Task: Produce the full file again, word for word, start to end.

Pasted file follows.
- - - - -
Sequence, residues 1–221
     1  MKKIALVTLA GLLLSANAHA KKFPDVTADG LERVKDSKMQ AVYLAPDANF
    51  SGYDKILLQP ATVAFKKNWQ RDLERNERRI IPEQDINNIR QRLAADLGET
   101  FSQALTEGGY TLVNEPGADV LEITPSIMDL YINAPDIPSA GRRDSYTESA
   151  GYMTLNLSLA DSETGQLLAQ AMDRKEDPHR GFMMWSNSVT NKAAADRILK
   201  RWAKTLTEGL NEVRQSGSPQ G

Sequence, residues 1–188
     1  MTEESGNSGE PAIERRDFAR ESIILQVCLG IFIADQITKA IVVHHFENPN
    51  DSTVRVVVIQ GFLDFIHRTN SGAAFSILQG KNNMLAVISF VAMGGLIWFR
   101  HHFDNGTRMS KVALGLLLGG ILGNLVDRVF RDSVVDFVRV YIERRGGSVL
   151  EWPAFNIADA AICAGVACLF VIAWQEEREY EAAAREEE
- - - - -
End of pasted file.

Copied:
Sequence, residues 1–221
     1  MKKIALVTLA GLLLSANAHA KKFPDVTADG LERVKDSKMQ AVYLAPDANF
    51  SGYDKILLQP ATVAFKKNWQ RDLERNERRI IPEQDINNIR QRLAADLGET
   101  FSQALTEGGY TLVNEPGADV LEITPSIMDL YINAPDIPSA GRRDSYTESA
   151  GYMTLNLSLA DSETGQLLAQ AMDRKEDPHR GFMMWSNSVT NKAAADRILK
   201  RWAKTLTEGL NEVRQSGSPQ G

Sequence, residues 1–188
     1  MTEESGNSGE PAIERRDFAR ESIILQVCLG IFIADQITKA IVVHHFENPN
    51  DSTVRVVVIQ GFLDFIHRTN SGAAFSILQG KNNMLAVISF VAMGGLIWFR
   101  HHFDNGTRMS KVALGLLLGG ILGNLVDRVF RDSVVDFVRV YIERRGGSVL
   151  EWPAFNIADA AICAGVACLF VIAWQEEREY EAAAREEE